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- Women become more intoxicated than men on the same amount of alcohol, even when they weigh the same. This is because women have less muscle tissue which contains the body fluid that dilutes alcohol and because women's bodies more quickly process alcohol through the stomach and into the bloodstream.
- Research has shown that women lack a stomach enzyme, alcohol dehydrogenase, which usually acts as a protective barrier and acts to break down the alcohol before it is absorbed. Without this enzyme, alcohol enters women's bloodstreams in a higher concentration. Alcoholic women have virtually none of this enzyme.
- Women are less able to predict the effects of consuming a given amount of alcohol. Day-to-day variability in response to alcohol occurs due to the effects of the menstrual cycle. Greater susceptibility to alcohol's influence occurs just before menstruation.
- The less a woman weighs, the longer it takes her body to be clear of alcohol.
- The presence of birth control pills has also been shown to slow metabolism of alcohol.
- Health-related complications from alcoholism seem to develop at an accelerated rate in women, a phenomenon termed "telescoped development." Serious health problems can occur in women after a shorter history of heavy drinking with lower levels of alcohol intake than men.
- Seventy-five percent of men and 55% of women have used drugs and/or alcohol prior to an assault.
- Alcohol blurs perception of what's happening, lessens intuition, increases need for others to care for the victim, and increases perception in men that it's okay to rape because "good girls don't drink."
- You don't have to be legally intoxicated (.10%) to get an OWI ticket. The police just have to register alcohol. The ability to drive is what's important.
- Studies of alcoholics have found that heavy consumption of alcohol can lead to neurodegeneration, death of brain cells and reduced brain tissue mass, and subsequent damaging effects such as a lack of impulse control and difficulty in setting goals.
- Alcohol affects people differently, depending on their size, sex, body build, and metabolism.
- Alcohol- is rapidly absorbed into the bloodstream from the small intestine, and less rapidly from the stomach and colon. In proportion to its concentration in the bloodstream, alcohol decreases activity in parts of the brain and spinal cord.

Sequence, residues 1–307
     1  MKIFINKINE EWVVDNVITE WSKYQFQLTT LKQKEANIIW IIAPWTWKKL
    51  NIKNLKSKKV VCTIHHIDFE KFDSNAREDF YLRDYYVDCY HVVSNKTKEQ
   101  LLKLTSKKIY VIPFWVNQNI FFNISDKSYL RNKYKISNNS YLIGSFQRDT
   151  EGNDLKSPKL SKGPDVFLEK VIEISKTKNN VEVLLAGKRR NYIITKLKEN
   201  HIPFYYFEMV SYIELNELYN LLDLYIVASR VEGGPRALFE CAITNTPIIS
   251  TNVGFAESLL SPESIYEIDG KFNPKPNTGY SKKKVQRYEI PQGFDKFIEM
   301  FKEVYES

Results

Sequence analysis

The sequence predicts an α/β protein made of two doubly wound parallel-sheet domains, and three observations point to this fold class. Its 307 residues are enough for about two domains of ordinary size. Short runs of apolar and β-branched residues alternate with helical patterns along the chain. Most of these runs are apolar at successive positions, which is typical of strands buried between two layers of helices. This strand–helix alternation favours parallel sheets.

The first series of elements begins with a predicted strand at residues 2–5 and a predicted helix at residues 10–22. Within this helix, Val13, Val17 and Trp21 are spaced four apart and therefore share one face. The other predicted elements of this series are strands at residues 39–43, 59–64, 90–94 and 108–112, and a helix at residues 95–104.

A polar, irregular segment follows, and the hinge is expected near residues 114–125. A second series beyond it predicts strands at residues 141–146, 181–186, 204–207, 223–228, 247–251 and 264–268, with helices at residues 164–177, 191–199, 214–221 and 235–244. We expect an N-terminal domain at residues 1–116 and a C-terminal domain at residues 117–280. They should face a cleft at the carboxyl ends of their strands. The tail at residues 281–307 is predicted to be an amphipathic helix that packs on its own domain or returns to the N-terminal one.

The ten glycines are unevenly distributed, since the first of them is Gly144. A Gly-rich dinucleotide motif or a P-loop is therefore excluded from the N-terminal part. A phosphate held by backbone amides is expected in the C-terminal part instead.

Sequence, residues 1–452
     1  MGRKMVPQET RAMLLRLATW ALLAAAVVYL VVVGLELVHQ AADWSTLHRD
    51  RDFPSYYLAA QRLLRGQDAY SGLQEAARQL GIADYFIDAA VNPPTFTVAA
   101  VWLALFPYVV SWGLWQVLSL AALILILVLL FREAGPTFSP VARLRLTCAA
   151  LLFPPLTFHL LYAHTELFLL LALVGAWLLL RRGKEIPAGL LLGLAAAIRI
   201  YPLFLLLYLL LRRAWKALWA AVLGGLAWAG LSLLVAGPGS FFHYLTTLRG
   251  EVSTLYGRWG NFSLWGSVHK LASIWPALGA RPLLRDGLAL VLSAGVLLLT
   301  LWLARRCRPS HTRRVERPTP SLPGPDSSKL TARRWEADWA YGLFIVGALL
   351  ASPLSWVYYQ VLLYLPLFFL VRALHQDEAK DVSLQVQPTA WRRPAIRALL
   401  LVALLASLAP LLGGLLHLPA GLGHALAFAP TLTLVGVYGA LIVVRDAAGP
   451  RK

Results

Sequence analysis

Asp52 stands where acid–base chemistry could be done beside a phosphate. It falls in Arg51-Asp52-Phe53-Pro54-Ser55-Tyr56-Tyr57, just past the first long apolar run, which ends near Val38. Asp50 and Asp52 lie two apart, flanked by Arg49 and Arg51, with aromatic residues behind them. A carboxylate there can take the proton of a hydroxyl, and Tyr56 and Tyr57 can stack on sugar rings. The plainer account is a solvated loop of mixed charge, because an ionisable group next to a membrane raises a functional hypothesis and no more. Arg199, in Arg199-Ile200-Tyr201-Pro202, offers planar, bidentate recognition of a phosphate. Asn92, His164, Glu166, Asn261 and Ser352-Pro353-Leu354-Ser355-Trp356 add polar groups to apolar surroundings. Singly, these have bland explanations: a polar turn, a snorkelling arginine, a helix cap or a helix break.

- In 1996 90% of adults reported using alcohol at some time during their lives.
- Seventy to eighty percent of alcohol is absorbed in the small intestine.
- Most body systems are affected by alcohol. Side effects include dilation of blood vessels and increased gastric secretion. Chronic alcohol consumption causes damage to body organs such as the brain, liver, heart, stomach, pancreas, and intestines.
- In 1998, alcohol was a factor in more than half of all traffic fatalities.
- More than 100,000 people die each year from alcohol related causes. Ranked independently, alcohol related deaths would fall between the 3rd and 4th leading causes of death.
- Between 20% and 40% of all persons admitted to urban general hospitals have coexisting alcohol problems and are often misdiagnosed alcoholics being treated for the consequences of their drinking.
- Liver cirrhosis is the 9th leading cause of deaths; each year 28,000 lives are lost to this disease.
- In 1997, 111 million Americans ages 12 and older had used alcohol during the 30 days before an interview conducted by the Substance Abuse and Mental Health Administration in 1997.
- The effects of drinking do not depend on the type of alcoholic beverage - but rather on the amount of alcohol consumed on a specific occasion.
- Drinking heavily over a short period of time usually results in a "hangover" - headache, nausea, shakiness, and sometimes vomiting, beginning from 8 to 12 hours later.
- A hangover is due partly to poisoning by alcohol and other components of the drink, and partly to the body's reaction to withdrawal from alcohol.
- Combining alcohol with other drugs can make the effects of these other drugs much stronger and more dangerous.
- In severe cases of alcohol addiction, sufferers may experience delirium tremens ('the DTs') when they withdraw from alcohol. Delirium tremens is a serious medical condition that can be fatal.
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